show a a nose-first reentry for the first-stage, but as dglow astutely
noticed, the front of the first-stage appears to have a heat shield
that can handle the second-stage exhaust at separation.

After separation, the first stage flips over and fires three of its
nine engines to begin reentry (I wonder what altitude the stage will
reach?). It's next shown descending tail first, possibly with just the
center engine firing. The landing struts begin to deploy, rotating
downward from a 12 o'clock position, to roughly 5 o'clock and 7
o'clock positions by touchdown. The landing struts appear rather wide,
perhaps for extra drag during final descent. I wonder if they're
thinking about using aerodynamic flaps as well?

My guess is the first-stage does a nose-first reentry like the second-
stage, flips over and goes into free fall during most of its descent
through the atmosphere, perhaps using the RCS at the top of the stage
to control its attitude. I'm curious about what altitude SpaceX
envisions firing the center engine for final descent and landing. I
assume only one engine is needed because most of its fuel is spent,
and the second-stage and Dragon are absent.

The Wiki article about the DC-X notes that if it could reach orbit, it
would make an ideal craft for landing on the moon or Mars, the latter
of which is Musk's ultimate goal. Perhaps he has visions of using the
second stage as a Mars cargo lander to complement the Dragon-derived
Mars people lander. He might need a fuel depot in earth orbit for
such a scheme.

Wiki: "Had a DC-type craft been developed that operated as an SSTO in
Earth's gravity well, even if with only a minimum 4-6 crew capacity,
variants of it might prove extremely capable for both Mars and Moon
missions. Such a variant's basic operation would have to be
"reversed"; from taking off and then landing, to landing first then
taking off. Yet, if this could be accomplished on Earth, the weaker
gravity found at both Mars and the Moon would make for dramatically
greater payload capabilities, particularly at the latter destination."

  #8  
Old October 5th 11, 02:02 AM posted to sci.space.tech
ed kyle
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Posts: 276
Default SpaceX fully reusable launcher

On Oct 3, 9:22 pm, byblow wrote:
My guess is the first-stage does a nose-first reentry like the second-
stage, flips over and goes into free fall during most of its descent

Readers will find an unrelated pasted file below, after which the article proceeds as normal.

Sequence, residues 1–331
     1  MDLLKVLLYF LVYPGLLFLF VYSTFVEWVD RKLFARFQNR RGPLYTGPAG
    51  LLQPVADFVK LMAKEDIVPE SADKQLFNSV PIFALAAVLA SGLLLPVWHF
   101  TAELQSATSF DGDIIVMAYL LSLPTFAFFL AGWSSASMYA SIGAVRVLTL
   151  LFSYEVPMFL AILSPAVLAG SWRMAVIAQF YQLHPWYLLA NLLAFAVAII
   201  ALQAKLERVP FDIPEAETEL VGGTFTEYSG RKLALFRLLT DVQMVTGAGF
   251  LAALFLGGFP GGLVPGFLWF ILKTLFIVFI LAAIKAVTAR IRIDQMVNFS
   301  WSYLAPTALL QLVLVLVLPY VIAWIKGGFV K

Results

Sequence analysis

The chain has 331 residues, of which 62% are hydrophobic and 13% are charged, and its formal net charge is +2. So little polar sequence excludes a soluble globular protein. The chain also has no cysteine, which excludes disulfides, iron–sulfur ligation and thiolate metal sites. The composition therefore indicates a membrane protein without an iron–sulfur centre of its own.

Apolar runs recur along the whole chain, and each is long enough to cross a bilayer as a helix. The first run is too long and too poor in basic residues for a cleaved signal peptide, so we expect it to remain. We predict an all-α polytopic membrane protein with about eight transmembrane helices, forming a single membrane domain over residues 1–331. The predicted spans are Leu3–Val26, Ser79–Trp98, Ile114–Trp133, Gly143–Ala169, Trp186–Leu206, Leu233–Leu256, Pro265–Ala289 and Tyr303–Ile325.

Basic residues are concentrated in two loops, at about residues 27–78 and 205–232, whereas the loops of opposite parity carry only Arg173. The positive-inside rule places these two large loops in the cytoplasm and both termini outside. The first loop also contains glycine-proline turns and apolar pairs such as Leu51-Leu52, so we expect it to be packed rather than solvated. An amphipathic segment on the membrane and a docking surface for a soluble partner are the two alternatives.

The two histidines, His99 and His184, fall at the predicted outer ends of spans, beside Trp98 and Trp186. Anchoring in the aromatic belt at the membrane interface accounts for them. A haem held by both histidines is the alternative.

through the atmosphere, perhaps using the RCS at the top of the stage
to control its attitude. I'm curious about what altitude SpaceX
envisions firing the center engine for final descent and landing. I
assume only one engine is needed because most of its fuel is spent,
and the second-stage and Dragon are absent.


I suspect that the key to this method is the reduction of reentry
velocity, which would have to occur *before reentry*. The intent
would be to reduce reentry heating, which has destroyed all of the
Falcon stages launched to date, by reducing velocity at the "entry
interface" (or whatever they call it). This requires the engines to
fire well before reentry, probably even before apogee, which would
mean starting them not long after staging. I'm just guessing
though ....

- Ed Kyle

www.spacelaunchreport.com

  #9  
Old October 6th 11, 10:22 PM posted to sci.space.tech
byblow
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Posts: 9
Default SpaceX fully reusable launcher


Would anyone care to venture a guess as to how much a fully reusable
launcher -- based on a Falcon 9 -- could place in LEO?

How about a fully reusable launcher with fully reusable side boosters?
If cross-feed were used, would that result in the first-stage core
booster going too high for the heat shield currently envisioned to
protect it during descent?


  #10  
Old October 7th 11, 08:15 AM
dglow dglow is offline
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Posts: 2
Default

Quote:
Originally Posted by byblow View Post
Would anyone care to venture a guess as to how much a fully reusable
launcher -- based on a Falcon 9 -- could place in LEO?

How about a fully reusable launcher with fully reusable side boosters?
If cross-feed were used, would that result in the first-stage core
booster going too high for the heat shield currently envisioned to
protect it during descent?
I presume you're referring to the Falcon Heavy, of course. What leads you to believe its first-stage core achieves a greater altitude than the standard Falcon 9?